Should Alteplase Be Used With Endovascular Thrombectomy for Ischemic Stroke?

Brain stroke : 3d illustration of the vessels of the brain and causes of stroke
Researchers sought to determine whether prespecified outcomes were different in endovascular thrombectomy with alteplase compared with EVT alone in patients hospitalized with acute ischemic stroke.

Despite elevating the risk for symptomatic intracranial hemorrhage (sICH), alteplase combined with endovascular thrombectomy (EVT) improved in-hospital survival rates and decreased overall disability in patients following acute ischemic stroke, according to findings published in JAMA Neurology.

Researchers conducted an observational, cohort study comparing patients with acute ischemic stroke treated with EVT and alteplase with those who had EVT without alteplase from February 1, 2019 to June 30, 2020.

In addition to sICH, the researchers evaluated how alteplase therapy impacted discharge destination, patient ability to ambulate independently at discharge, modified Rankin score, mortality, and cerebral reperfusion based on the modified Thrombolysis in Cerebral Infarction grade.

Of the 15,832 patients who underwent EVT within 6 hours of acute ischemic stroke, 10,548 (66.6%) received alteplase, while the remaining 5284 (33.4%) did not. Patients treated with both EVT and alteplase demonstrated improved in-hospital survival rates compared with patients who received EVT only (11.1% vs 13.9%; adjusted odds ratio [aOR], 0.83; 95% CI, 0.77-0.89; P <.001).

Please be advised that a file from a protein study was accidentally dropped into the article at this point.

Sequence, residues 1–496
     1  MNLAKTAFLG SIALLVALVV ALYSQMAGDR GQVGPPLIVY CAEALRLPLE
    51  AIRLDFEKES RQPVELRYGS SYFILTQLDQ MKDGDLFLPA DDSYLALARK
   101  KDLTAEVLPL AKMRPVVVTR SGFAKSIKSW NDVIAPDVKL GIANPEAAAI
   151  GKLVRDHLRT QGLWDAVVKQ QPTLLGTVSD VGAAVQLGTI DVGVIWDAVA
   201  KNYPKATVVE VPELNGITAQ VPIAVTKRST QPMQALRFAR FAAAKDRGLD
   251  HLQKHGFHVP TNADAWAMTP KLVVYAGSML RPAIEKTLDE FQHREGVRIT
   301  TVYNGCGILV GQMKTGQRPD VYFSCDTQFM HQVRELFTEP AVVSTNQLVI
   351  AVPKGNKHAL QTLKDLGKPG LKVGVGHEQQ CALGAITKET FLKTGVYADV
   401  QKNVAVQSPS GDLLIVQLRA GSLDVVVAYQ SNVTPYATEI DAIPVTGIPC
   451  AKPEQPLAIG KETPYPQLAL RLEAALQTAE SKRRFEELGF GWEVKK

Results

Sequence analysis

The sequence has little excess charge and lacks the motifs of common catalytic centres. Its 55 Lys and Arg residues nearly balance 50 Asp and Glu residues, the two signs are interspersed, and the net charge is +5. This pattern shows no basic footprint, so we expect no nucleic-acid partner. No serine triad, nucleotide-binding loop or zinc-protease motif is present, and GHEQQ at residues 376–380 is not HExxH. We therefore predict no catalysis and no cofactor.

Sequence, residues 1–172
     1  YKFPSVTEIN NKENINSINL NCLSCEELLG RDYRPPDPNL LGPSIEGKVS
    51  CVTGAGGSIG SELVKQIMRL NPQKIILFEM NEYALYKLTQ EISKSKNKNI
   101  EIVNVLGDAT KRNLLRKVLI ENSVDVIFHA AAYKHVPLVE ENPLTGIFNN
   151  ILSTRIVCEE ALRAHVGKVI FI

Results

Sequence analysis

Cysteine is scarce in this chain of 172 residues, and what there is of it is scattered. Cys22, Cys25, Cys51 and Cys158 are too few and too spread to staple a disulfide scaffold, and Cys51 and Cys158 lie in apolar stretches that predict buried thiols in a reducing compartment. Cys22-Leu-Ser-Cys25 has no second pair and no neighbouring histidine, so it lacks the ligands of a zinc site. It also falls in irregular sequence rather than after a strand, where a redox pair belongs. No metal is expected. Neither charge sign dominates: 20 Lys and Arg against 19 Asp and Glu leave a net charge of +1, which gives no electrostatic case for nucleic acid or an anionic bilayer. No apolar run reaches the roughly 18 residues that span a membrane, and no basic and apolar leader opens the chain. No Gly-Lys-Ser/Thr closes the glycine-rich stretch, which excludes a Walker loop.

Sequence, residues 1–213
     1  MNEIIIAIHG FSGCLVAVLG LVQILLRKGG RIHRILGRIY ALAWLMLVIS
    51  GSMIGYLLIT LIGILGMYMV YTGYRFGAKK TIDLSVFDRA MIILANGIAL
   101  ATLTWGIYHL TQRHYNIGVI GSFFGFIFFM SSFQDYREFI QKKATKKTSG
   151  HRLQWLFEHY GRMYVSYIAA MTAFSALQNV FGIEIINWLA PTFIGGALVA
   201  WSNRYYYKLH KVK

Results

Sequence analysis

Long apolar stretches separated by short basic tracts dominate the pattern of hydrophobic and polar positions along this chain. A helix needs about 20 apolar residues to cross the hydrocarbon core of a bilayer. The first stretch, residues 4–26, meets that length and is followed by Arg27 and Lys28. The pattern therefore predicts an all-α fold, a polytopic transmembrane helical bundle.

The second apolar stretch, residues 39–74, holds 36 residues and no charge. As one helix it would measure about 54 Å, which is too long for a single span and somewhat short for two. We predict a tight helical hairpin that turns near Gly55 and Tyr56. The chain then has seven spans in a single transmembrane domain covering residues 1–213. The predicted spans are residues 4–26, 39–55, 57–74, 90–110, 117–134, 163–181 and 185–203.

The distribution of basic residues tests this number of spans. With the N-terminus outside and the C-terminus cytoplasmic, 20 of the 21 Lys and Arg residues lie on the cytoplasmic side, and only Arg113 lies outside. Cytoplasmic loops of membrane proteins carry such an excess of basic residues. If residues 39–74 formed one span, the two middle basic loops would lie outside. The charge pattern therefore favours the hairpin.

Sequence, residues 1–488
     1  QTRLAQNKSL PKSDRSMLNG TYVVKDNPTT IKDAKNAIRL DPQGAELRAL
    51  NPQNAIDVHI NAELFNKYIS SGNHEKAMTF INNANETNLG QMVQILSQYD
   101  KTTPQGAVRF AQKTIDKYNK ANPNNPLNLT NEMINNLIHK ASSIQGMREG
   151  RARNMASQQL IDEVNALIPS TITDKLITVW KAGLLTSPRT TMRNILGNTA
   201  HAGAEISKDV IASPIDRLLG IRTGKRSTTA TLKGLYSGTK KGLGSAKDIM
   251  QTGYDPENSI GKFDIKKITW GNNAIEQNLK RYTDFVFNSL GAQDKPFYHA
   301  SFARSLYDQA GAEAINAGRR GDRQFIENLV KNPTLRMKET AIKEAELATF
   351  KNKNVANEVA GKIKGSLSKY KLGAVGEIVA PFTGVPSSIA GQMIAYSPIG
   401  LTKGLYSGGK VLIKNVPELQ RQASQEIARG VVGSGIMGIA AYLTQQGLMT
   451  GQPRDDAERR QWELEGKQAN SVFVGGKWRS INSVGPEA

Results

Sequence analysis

Additionally, more patients treated with combined EVT and alteplase scored a grade of 2 or less on the modified Rankin scale at time of discharge than those treated without alteplase (28.5% vs 20.7%; aOR, 1.36; 95% CI, 1.28-1.45; P <.001), indicating decreased risk for major disability. Consequently, patients receiving alteplase were more likely to discharge to home (34.4% vs 27.5%) and ambulate independently at discharge (38.7% vs 30.4%).

Patients receiving alteplase demonstrated improved cerebral reperfusion, scoring 2b or greater on the modified Thrombolysis in Cerebral Infarction grade compared with patients who were not treated with alteplase (90.9% vs 88.0%; aOR, 1.39; 95% CI, 1.28-1.50; P <.001).

In contrast with the positive outcomes, alteplase therapy increased risk for sICH in this patient population (6.5% vs 5.3%; OR, 1.28; 95% CI, 1.16-1.42; P <.001).

“Although alteplase treatment probably increases the risk [for] sICH after EVT in routine clinical practice, this does not translate to worsening in discharge disability or mortality,” the researchers stated. “Alteplase or other thrombolytics may still have an important role in patients undergoing EVT for large vessel occlusion, particularly in patients where a delay in accessing the angiography suite is anticipated…”

Study limitations included not reporting outcome assessment 90 days after patient discharge to predict disability, and not evaluating the use of tenecteplase instead of alteplase due to the current lack of approval of tenecteplase for patients with acute ischemic stroke by the Food and Drug Administration (FDA).

Disclosures: Some study authors declared affiliations with biotech, pharmaceutical, and/or device companies. Please see the original reference for a full list of authors’ disclosures.


Smith EE, Zerna C, Solomon N, et al. Outcomes after endovascular thrombectomy with or without alteplase in routine clinical practice. JAMA Neurol. Published online June 13, 2022. doi:10.1001/jamaneurol.2022.1413